Remember the “Home Alone” movie?
It discusses the idea of a child defeating two adults and how he did that.
But have you ever asked yourself for real how he managed that?
You are now thinking “It’s just a movie”
but actually if we looked closer we will see an important idea, that tell us “If you need to do something impossible, you must have a plan for it”
In this world there are two kinds of people “the intelligent and the idiot” and what distinguishes between them is the planning.
But what is the planning?
Planning is simply thinking before taking action. It helps to take a peep into the future and decide in advance the way to deal with any situation, which we are going to face in the future.
It includes logical thinking and rational decision making.
That’s for your personal life, But what if you have a business, how can you define the planning ?
Planning is an essential management mission, which includes deciding in advance, what is to be done, when is it to be done, how it is to be done and who is going to do it.
It is an ideological process which lays down an organisation’s objectives and develops different courses of action, by which the organisation can attain those objectives. It shows exactly how to attain a specific goal.
Importance of Planning
⦁ It reduces the percentage of the risk and uncertainty, by looking ahead into the future.
⦁ It helps to improve future performance, by firming objectives and choosing a course of action, for the interest of the organisation.
⦁ Detecting and identifying future chances and threats performance with the standard performance and efforts are made to correct the same.
⦁ Stating in advance, what should be done in future, so it supplies directions for action.
⦁ It simplifies the coordination of activities. Therefore, reduces overlapping among activities and eliminates non-productive work.
⦁ It’s considered as a Measuring tool for your business efficient qualification skills, level in market track and for the level of communication with your audience.
Features of Planning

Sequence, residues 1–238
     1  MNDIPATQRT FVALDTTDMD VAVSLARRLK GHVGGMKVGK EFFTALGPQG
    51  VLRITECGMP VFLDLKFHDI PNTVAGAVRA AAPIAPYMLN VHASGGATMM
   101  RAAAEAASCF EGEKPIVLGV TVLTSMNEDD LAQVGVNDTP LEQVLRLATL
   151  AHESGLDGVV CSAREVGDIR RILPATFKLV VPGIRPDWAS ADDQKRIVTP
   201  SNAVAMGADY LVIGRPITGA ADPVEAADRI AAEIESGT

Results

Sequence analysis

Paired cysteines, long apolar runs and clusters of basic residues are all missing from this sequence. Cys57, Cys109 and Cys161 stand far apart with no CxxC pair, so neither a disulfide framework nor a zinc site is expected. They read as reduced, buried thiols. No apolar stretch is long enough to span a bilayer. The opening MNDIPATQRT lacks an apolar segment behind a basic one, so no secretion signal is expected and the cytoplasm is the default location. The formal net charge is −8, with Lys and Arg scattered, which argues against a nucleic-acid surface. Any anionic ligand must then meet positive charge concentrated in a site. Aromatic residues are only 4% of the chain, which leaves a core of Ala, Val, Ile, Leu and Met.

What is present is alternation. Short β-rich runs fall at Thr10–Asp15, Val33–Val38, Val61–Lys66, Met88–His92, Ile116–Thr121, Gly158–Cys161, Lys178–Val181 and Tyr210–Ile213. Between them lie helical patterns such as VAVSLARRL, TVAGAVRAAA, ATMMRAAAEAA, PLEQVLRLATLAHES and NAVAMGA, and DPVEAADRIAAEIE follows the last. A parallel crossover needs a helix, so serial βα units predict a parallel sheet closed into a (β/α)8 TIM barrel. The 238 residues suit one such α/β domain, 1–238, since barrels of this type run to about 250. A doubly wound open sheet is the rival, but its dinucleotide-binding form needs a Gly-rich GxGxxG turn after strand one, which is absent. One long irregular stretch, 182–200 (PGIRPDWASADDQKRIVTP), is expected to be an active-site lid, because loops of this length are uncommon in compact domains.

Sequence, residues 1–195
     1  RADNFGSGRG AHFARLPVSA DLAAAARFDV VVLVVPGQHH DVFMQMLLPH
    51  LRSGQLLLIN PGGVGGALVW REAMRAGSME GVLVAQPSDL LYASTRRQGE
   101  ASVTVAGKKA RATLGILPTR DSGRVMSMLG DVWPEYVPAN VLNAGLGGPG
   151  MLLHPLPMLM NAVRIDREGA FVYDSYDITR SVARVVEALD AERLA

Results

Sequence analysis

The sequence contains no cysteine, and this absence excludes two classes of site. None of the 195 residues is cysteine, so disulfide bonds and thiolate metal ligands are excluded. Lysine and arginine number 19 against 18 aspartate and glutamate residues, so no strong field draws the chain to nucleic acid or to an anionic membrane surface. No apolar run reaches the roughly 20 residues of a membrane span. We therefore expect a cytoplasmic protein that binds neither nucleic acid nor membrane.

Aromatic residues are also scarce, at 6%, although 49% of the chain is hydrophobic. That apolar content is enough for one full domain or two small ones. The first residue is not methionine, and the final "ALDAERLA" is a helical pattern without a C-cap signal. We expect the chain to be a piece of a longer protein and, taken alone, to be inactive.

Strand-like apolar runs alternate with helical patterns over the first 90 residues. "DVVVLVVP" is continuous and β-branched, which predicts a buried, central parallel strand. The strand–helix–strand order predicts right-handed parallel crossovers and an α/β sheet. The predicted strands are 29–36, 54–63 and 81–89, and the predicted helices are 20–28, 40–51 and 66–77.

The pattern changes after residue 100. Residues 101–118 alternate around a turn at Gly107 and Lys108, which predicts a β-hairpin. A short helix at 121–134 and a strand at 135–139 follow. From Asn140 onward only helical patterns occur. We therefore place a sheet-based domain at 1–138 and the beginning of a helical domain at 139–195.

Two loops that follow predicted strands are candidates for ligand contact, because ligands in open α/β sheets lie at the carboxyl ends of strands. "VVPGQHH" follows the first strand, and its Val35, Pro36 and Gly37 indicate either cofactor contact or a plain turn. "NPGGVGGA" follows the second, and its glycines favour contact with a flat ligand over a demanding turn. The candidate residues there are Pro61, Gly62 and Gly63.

Planning is responsible for setting objectives, targets, and format plans to achieve them. The activity helps managers analyse the present condition to identify the ways of attaining the desired position in future. It is both the need of the organisation and the responsibility of managers.
1- Managerial function:
Planning is a first and foremost managerial function provides the base for the other functions of management, as an example: organising, staffing, and directing, as they are performed within the many of the plans made.
It is pervasive in the sensibility that it is present in all the pieces and is required at all the levels of the form. Although the field of planning changes at different levels and departments.
3- Unstoppable Process:
Plans are made for a specific term, say for a month or a year, once that period is over, new plans are pulled, considering the organisation’s present and future requirements and conditions. So, it is an ongoing process, as the plans are framed, carried out and followed by another plan.
4- Target oriented:
It focuses on defining the goals of the organisation, identifying alternate kinds of action and setting the suitable action plan, which must be undertaken to reach organisation goals.
5- Intellectual operation:
It is a mental exercise that involves the application of mind, to think, forecast, imagine intelligently and innovate.
In the process of planning we take a peep from the future, to analyse and predict it so that the organisation can face future challenges effectively.
7- Decision making:
Decisions are made related to the choice of alternative courses of action that can be undertaken to reach the goal. The alternative chosen should be best among all, with the least number of the negative and highest number of positive outcomes.
Different types of plans:
Planning to Plan: “fail to plan, plan to fail’’
While I can’t speak to all facts of life, this is certainly true in business. Managers find themselves planning for all sorts of things. So much so, that planning is one of the four major functions of management. In doing so, a manager can be certain that he or she is working toward some organization goal.
To best understand the relationship between the different types of plans, let’s start at the top. Strategic plans are designed with the entire organization in mind and begin with an organization’s mission. Top-level managers, such as CEOs or presidents, will design and execute strategic plans to paint a picture of the desired future and long-term goals of the organization. Essentially, strategic plans look ahead to where the organization wants to be in three, five, even ten years. provided by top-level managers, serve as the framework for lower-level planning.
Now that you have a general idea for how organizational planning evolves, let’s look at the next level of planning, known as tactical planning. Tactical plans support strategic plans by translating them into specific plans relevant to a distinct area of the organization. Tactical plans are concerned with the responsibility and functionality of lower-level departments to fulfill their parts of the strategic plan.
They are the plans that are made by frontline, or low-level, managers. All operational plans are focused on the specific procedures and processes that occur within the lowest levels of the organization. Managers must plan the routine tasks of the department using a high level of detail.